You know the saying, "If it first you don't succeed, try, try again." That's what U.S. Senator Bill Cassidy is doing in his attempts to prevent hazing on college campuses.

In October 2019, two years after LSU student Max Gruver died from hazing at a frat event in September 2017, Cassidy met with Max's father, Steve, as well as other parents of hazing victims and introduced the End All Hazing Act. Nearly a year and a half later, Cassidy is reintroducing the legislation in a bipartisan effort with fellow senator Bob Casey (D-PA), and U.S. Representatives Lucy McBath (D-GA-06) and Steve Stivers (R-OH-15). Their goal: providing parents and prospective students with better information about universities' histories of hazing.
"Prospective students and their families should feel safe no matter what school they choose," said Dr. Cassidy in a press release. "By increasing transparency, the bill will ensure that hazing is never swept under the rug."
The bill would require colleges and universities to post on their websites instances of hazing that took place on campus or within a student organization.
"Hazing is a horrendous act that has absolutely no place in our society," said Senator Casey in a press release. "The bipartisan End All Hazing Act is a critical tool that would provide much needed transparency to students and parents about past instances of hazing on college campuses to help prevent families from losing loved ones."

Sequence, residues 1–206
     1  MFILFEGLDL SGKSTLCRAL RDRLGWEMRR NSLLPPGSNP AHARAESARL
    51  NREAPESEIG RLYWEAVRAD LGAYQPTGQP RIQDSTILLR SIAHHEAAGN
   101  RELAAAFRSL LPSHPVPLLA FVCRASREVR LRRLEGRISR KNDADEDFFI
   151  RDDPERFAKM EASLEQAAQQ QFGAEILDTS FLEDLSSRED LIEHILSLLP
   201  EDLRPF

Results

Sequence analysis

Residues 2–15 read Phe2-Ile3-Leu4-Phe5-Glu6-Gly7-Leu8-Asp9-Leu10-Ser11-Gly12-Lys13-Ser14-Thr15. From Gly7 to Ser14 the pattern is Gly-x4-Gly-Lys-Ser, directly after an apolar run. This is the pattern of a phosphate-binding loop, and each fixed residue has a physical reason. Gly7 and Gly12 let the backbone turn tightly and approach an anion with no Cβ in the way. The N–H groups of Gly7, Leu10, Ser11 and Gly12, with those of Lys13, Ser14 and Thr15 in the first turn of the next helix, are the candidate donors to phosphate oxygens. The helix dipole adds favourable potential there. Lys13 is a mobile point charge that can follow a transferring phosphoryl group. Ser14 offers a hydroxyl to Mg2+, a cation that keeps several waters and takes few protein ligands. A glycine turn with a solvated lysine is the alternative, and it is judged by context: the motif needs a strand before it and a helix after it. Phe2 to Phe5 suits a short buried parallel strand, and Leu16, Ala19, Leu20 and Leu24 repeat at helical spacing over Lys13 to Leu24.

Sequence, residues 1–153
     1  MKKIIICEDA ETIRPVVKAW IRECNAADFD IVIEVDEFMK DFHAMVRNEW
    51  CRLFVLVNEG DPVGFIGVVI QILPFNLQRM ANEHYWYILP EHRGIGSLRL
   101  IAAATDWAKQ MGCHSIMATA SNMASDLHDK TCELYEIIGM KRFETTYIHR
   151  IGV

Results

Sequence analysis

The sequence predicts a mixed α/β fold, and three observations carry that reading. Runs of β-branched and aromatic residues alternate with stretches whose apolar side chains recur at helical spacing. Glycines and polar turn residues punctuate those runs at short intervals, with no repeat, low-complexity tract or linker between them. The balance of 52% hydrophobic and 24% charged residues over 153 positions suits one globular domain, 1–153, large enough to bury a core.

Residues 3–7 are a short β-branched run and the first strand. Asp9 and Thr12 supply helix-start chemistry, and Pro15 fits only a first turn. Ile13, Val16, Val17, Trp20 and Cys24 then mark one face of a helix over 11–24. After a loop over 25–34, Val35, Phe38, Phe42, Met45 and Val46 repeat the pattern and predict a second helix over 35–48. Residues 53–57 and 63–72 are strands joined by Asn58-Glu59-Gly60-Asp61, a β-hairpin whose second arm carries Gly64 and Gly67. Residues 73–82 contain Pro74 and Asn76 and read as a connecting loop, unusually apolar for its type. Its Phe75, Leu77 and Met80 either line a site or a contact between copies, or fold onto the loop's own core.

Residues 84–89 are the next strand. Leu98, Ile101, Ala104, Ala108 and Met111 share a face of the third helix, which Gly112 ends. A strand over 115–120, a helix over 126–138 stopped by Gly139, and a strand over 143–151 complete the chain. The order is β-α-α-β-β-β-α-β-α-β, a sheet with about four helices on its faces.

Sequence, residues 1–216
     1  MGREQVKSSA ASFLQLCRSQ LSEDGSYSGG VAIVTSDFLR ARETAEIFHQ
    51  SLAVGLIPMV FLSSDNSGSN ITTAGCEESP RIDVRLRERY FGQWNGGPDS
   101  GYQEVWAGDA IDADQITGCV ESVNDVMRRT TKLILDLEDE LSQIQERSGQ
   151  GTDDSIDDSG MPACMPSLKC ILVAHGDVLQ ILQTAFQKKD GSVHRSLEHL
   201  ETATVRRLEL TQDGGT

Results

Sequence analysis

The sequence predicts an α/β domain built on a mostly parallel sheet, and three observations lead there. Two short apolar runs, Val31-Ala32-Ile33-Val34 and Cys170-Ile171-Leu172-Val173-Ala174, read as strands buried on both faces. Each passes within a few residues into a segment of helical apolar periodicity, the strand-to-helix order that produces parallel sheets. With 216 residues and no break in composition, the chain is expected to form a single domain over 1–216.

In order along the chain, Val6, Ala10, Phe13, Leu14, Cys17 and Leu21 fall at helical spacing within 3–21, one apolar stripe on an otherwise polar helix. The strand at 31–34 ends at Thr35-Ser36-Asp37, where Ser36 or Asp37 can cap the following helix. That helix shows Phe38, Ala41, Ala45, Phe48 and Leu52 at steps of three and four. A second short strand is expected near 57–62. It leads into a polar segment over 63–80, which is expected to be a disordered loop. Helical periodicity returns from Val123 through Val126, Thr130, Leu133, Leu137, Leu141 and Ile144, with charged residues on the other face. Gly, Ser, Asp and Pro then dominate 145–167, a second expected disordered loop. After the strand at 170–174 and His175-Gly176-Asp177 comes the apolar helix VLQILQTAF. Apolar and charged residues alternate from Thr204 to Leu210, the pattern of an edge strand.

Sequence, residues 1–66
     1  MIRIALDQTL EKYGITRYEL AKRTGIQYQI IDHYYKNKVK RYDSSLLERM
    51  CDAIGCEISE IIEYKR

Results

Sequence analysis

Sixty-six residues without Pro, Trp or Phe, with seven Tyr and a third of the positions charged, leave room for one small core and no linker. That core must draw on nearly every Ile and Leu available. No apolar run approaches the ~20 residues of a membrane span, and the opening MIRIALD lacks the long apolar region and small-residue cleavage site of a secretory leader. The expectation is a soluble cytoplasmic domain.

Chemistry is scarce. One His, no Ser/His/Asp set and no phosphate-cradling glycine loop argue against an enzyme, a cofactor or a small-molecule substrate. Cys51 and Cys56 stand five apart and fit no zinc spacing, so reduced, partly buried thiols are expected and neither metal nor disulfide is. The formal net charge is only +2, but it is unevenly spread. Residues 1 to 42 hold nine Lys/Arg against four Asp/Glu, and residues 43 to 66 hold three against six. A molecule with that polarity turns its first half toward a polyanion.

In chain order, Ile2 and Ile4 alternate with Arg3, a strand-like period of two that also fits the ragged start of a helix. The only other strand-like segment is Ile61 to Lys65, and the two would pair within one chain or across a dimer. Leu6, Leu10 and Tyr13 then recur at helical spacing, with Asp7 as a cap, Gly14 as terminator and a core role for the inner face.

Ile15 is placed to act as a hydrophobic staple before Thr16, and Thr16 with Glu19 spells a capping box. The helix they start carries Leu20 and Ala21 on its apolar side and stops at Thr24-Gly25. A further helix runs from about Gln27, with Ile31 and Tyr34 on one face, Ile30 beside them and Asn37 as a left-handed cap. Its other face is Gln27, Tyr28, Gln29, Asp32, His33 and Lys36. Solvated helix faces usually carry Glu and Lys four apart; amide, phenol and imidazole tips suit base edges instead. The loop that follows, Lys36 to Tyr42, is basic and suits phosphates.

Since that meeting with Cassidy, the Gruver family launched the Max Gruver Foundation, a non-profit who reports more than 200 students have died as a result of hazing.
"Until students and young adults understand what hazing is, the dangers of hazing and it is against the law it will continue to exist," said the Gruvers in a press release. "We need the End All Hazing Act to educate on the dangers of hazing, expose the groups that haze and be the catalyst to end all hazing."

"Hazing is too polite a term for what is actually occurring to far too many children. Let's call it what it really is...TORTURE!" said Rich and Maille Braham, parents of Marquise Braham, who died due to hazing at Penn State - Altoona on March 14, 2014. "Children just out of high school being emotionally humiliated, physically beaten, sodomized, deprived of sleep for 89 HOURS and forced to consume lethal amounts of alcohol. The people ordering this TORTURE are also young adults with poor judgment. They need guidance, structure, and accountability. They need the End All Hazing Act or we'll continue to see more children needlessly die."

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